Stereotypes and Honey Boo-Boo

A conversation I had with Aaron this past weekend got me thinking. And a question just posed by my host mom got me really thinking. What about?… Stereotypes. We have all heard about (and possibly thought/think) about some of the common stereotypes in reference to Latin Americans: dirty, lazy and illegal to name a few. You may not believe in these inaccurate and offensive stereotypes, but they are all around us. Even some our politicians use similar jargon to rally the public behind immigration “reform.” But what happens if we flip the stereotype around? How do people view us, Americans in a foreign land?

For starters, I cannot tell you how many Nicaraguans I have spoken with assume everyone in America is rich. They believe the McMansions on TV shows are what every American lives in because that is all they see. In a similar stride, tonight as I was watching TV with my host family, a commercial appeared about Honey Boo-Boo (for those of you uneducated about Honey Boo-Boo like myself, she is a TLC child star most famous for her show Here Comes Honey Boo-Boo). The commercial says something along the lines of “Honey Boo-Boo, part of America’s next First Family.” My host mom proceeded to ask me if Honey Boo-Boo and Co. will be indeed taking the Obama’s place in the White House. I laughed because it seemed absurd, impossible, ridiculous! Yet, some people may actually believe this junk because it is all they are exposed to. Wouldn’t you?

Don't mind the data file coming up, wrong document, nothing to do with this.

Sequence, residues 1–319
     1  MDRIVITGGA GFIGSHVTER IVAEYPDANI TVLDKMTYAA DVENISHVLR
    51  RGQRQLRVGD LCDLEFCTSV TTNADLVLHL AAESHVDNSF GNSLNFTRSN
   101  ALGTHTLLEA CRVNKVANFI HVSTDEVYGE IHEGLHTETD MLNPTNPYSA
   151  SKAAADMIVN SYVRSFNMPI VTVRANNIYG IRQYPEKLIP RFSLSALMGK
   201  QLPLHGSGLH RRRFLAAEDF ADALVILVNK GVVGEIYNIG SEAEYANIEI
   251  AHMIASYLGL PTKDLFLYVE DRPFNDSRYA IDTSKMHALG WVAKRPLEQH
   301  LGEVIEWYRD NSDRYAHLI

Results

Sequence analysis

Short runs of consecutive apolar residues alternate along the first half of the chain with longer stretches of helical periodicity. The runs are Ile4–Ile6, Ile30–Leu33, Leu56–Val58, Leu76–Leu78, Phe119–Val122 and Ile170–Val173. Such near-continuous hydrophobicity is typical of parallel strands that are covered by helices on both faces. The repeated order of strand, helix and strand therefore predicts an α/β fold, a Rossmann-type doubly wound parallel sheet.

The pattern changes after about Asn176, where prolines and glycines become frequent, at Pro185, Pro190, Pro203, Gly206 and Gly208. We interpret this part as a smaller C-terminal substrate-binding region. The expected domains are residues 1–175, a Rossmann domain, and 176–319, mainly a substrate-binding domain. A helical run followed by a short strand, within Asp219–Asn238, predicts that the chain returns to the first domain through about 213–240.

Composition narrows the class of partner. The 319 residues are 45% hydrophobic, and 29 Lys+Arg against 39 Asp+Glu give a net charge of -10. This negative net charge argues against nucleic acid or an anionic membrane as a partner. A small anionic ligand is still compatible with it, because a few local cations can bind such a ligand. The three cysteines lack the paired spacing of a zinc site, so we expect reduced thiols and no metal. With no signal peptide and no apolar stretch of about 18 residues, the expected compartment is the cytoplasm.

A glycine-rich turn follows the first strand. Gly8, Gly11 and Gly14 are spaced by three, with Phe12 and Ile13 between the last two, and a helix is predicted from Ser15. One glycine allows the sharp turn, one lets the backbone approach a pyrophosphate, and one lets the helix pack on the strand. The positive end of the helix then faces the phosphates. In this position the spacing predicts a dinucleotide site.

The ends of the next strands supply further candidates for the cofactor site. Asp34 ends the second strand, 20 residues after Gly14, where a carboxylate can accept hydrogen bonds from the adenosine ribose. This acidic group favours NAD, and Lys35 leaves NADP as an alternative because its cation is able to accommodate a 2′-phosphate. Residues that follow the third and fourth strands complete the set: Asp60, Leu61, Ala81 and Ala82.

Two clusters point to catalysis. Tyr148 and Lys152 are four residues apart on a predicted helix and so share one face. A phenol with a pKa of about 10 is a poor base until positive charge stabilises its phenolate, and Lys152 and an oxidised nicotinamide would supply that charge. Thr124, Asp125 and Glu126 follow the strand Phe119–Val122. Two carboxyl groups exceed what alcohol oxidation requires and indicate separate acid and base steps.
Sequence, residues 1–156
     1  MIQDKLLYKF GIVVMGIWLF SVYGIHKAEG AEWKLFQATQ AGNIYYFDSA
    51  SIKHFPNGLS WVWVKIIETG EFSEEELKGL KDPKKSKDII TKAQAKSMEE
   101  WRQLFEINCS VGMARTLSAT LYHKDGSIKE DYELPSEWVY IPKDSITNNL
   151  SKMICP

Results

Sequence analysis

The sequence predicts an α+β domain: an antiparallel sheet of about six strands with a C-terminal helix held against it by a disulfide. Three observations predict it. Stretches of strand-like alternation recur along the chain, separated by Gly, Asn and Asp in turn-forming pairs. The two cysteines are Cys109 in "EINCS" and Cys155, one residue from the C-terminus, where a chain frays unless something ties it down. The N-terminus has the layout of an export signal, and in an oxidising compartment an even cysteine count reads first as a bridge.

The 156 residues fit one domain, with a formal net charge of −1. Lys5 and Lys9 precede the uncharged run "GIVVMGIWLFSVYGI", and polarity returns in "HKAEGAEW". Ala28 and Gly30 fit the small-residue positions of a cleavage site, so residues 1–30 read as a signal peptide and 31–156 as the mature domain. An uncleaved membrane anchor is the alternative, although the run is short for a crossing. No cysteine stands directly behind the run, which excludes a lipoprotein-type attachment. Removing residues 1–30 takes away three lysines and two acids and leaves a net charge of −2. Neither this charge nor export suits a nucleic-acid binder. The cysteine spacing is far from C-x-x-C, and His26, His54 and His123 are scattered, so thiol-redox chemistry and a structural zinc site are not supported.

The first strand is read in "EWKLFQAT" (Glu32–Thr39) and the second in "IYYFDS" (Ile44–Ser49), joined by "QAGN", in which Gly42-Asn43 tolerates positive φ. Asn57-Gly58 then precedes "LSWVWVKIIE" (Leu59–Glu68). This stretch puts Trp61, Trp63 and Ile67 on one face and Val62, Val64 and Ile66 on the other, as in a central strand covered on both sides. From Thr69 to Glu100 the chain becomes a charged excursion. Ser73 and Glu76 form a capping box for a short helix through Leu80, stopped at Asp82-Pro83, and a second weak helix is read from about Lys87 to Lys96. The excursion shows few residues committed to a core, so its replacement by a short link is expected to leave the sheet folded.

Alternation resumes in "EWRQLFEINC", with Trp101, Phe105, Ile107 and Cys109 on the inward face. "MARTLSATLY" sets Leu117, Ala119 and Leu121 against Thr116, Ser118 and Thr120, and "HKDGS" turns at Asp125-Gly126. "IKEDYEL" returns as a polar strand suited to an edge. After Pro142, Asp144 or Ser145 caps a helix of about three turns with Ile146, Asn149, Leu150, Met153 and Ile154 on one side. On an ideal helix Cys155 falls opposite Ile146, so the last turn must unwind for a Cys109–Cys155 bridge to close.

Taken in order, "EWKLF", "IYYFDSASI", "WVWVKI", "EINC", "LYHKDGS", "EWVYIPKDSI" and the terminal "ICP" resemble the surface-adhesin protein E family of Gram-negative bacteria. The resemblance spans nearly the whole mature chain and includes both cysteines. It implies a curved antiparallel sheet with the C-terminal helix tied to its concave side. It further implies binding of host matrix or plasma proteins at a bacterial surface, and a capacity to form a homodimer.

When talking to Aaron, we admitted to buying into similar stereotypes about other cultures. I always assumed Chinese food was beef and broccoli and eggrolls. It’s not. I also thought Mexico was dusty, flat and empty, as it is often portrayed in movies. Wrong again! I did not have exposure, and made incorrect assumptions. Unfortunately, many people go their whole lives believing stereotypes because that is all they see. Or, they may have had one negative experience with something or someone that influences their opinion on that group for years to come (for example, some Nica’s really dislike all Americans because of our involvement in the Nicaraguan revolution over 30 years ago). So now, as an ambassador of the United States, I am actively trying to correct some of those stereotypes by projecting myself as a responsible and polite human being. Though some people may have their minds made up about me and the country I am from, there are always those open to the new truths- my host mom wants to tell practically everyone she sees not all Americans live in luxury, she is amazed! But, raising people’s awareness is not just important in countries like Nicaragua or Kenya. I’m sure there are some Gettysburg folk that believe all Gettysburg students are heavy drinking, destructive party animals (yes, some are, but many are not!). For me, this experience is as much about working with the two organizations as it is about breaking down some of the erroneous stereotypes.

Mary Maloney
León, Nicaragua